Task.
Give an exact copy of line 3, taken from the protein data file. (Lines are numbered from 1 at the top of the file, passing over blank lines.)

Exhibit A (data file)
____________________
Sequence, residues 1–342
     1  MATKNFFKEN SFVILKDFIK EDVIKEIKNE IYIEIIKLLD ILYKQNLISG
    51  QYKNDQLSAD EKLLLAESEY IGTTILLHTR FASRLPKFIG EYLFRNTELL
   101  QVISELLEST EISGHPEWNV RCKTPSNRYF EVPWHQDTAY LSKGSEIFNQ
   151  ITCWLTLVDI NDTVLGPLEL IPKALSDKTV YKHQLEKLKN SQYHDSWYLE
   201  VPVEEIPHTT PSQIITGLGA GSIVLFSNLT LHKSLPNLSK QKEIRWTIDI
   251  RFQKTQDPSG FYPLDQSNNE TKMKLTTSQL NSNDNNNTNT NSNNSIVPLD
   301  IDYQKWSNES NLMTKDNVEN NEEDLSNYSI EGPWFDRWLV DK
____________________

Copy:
    51  QYKNDQLSAD EKLLLAESEY IGTTILLHTR FASRLPKFIG EYLFRNTELL